Top positive review
Brilliant. Perfect, really.
Reviewed in the United States on July 2, 2016
One of these days, G.S. Jennsen might write something that doesn’t deserve one million stars on a scale of 1 to 5. Today is not that day. Abysm was written and released very quickly, and I would be lying if I wasn’t a little wary going in — fast almost always means underdeveloped in my experience. But Jennsen has proven that her writing superpowers aren’t limited to amazing character development and complex (yet easy to read) plotting. Speed Demon Powers Activate!
Abysm is the finale in the second series in this world, following these characters. As such, it probably should not be read out of order. There is a huge deep end here that is filled with months— years — feels like decades— of character growth, situational development, and inside information that all combines to make this such a wonderful book. Jennsen gives you the quick and dirty at the start with a summary of the previous series and books, but it’s just not the same.
That said, Abysm is probably the one book that I would point to if someone asked me where they could see the true depth of Jennsen’s ability. In this book, characters are taken to whole new levels. Alex faces an internal struggle that is beyond anything I’ve ever read. Caleb! Dear lord, my sweet baby Caleb. He’s laid out bare in this one, totally ripped apart and put back together, and you feel every little tear. Miriam is really the star of this book as far as who gets the most s*** done, and while I’ve always had a fond spot for Miriam, this is really where I developed a love for her. She’s kind of like Dench’s M to me — tough as nails, better than all the stodgy old men at actually protecting the universe, but also vulnerable and caring. She’s not a cliche, though. Miriam is just like any of Jennsen’s other characters: a full, complete person.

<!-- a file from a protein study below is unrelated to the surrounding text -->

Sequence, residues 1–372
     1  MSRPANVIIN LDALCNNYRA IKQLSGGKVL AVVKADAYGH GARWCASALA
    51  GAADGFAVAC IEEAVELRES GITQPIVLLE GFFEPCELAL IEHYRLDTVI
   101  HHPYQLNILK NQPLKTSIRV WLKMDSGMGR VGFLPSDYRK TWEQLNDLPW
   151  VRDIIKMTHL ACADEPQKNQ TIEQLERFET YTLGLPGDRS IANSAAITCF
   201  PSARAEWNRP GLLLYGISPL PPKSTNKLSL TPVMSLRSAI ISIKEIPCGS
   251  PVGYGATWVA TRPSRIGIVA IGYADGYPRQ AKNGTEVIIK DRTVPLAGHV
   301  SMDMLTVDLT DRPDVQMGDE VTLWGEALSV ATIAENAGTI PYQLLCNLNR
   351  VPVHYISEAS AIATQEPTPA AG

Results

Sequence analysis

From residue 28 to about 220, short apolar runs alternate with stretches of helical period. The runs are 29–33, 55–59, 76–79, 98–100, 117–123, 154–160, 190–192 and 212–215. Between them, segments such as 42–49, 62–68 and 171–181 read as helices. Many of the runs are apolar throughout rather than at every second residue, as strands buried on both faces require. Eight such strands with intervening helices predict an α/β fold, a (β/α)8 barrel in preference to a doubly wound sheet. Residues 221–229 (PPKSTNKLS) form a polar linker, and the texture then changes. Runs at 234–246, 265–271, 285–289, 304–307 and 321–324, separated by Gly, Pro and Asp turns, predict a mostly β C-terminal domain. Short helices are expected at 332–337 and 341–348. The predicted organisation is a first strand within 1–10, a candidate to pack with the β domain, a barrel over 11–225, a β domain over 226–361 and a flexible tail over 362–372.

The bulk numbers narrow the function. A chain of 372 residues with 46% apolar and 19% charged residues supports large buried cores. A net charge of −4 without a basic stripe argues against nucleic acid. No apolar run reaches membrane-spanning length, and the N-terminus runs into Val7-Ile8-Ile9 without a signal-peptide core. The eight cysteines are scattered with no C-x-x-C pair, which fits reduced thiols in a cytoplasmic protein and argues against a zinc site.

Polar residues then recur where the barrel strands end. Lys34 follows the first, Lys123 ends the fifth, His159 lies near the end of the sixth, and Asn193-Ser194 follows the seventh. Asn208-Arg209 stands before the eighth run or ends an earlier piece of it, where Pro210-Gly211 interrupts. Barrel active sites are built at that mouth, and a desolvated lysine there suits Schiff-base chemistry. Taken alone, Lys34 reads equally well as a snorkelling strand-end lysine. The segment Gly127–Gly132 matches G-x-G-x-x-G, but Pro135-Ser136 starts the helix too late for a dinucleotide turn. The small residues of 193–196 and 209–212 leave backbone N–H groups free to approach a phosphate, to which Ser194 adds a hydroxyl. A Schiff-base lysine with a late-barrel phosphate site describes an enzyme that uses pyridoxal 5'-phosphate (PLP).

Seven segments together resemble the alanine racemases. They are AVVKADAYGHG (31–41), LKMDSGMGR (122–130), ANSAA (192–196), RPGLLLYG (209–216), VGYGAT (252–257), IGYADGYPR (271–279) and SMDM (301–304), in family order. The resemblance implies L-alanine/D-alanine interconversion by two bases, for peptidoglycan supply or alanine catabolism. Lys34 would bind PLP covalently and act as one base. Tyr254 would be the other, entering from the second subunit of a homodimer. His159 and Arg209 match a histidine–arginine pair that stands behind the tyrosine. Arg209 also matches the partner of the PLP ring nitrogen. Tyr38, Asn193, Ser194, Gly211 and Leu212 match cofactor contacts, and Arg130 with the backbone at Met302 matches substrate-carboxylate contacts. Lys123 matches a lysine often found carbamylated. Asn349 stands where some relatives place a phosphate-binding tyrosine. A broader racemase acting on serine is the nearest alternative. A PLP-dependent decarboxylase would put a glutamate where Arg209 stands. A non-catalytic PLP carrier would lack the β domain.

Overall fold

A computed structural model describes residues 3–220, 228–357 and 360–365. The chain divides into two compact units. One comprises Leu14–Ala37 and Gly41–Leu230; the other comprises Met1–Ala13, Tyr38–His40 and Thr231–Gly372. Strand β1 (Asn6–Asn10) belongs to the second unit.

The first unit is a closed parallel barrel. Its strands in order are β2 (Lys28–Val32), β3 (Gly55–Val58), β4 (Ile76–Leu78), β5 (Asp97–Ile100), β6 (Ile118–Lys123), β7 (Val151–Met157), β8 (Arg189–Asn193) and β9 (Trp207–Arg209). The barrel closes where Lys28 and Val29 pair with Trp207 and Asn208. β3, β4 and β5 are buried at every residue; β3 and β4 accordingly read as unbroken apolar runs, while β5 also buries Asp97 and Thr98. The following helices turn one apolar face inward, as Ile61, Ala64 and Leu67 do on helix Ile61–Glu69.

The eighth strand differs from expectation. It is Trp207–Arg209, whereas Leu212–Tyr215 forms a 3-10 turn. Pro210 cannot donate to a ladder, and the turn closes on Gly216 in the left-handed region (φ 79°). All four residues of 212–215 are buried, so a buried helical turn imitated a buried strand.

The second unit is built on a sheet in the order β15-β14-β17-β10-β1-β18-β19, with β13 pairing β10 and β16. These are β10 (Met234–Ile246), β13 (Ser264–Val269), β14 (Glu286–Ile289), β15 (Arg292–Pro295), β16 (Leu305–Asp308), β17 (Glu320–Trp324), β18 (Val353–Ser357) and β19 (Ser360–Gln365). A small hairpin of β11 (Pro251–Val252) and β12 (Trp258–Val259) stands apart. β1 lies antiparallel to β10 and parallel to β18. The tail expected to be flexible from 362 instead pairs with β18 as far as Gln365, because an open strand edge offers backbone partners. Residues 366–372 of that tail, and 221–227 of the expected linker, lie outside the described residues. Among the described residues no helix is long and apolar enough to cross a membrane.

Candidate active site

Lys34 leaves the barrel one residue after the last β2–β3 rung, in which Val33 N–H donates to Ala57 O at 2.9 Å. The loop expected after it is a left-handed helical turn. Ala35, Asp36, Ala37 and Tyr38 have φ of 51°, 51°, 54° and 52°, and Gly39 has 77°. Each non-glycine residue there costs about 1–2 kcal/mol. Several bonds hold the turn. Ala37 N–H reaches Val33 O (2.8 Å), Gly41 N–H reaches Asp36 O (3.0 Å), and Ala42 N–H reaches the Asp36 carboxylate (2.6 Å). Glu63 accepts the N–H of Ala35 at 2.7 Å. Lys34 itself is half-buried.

Universe-spanning politics are out in full force, but that’s been par for the course with this series. While Jennsen probably didn’t plan it this way, it’s pretty easy to draw some parallels between the banning of a certain type of humans in this book, and the current political landscape across the real world. It made it hard to read at times, made it hard to not get angry — but I think this is just another testament to Jennsen’s ability.
I once said that one of Jennsen’s earlier books was the perfect space opera sci fi. It has everything from adventurers, spies, aliens, assassins, and plotting politicians, to true love, danger, honor, underdogs, and everything else that makes a fictional world so satisfying. I hate to say I told you so, but hey — I called it, yo. ;)
Abysm continues this tradition, with each character diving deeper into yet another aspect of the world, but somehow all of it intertwines perfectly. Everything rests on another part, everyone affects everyone else in ways they can’t even imagine — and none of it feels contrived or tropey.
The writing is straightforward, easy, and draws you in until you forget its there. There are definitely some beautiful moments, language that was expertly woven on Jennsen’s part, but I feel that her strengths really lie in her role as a storyteller. She could be making a movie; telling me the story around a campfire; or writing it all down for me to consume in a feverish couple of days — in any of those roles, I’m positive that the heart she pours into her stories would come through just as clearly as it does here.
I’m half excited for the final trilogy to begin, and half terrified. What am I going to do when these people aren’t in my life anymore? When their stories are finished? I don’t know how I’ll face that. And if that doesn't tell you everything you need to know about Abysm and the series, I don’t know what will.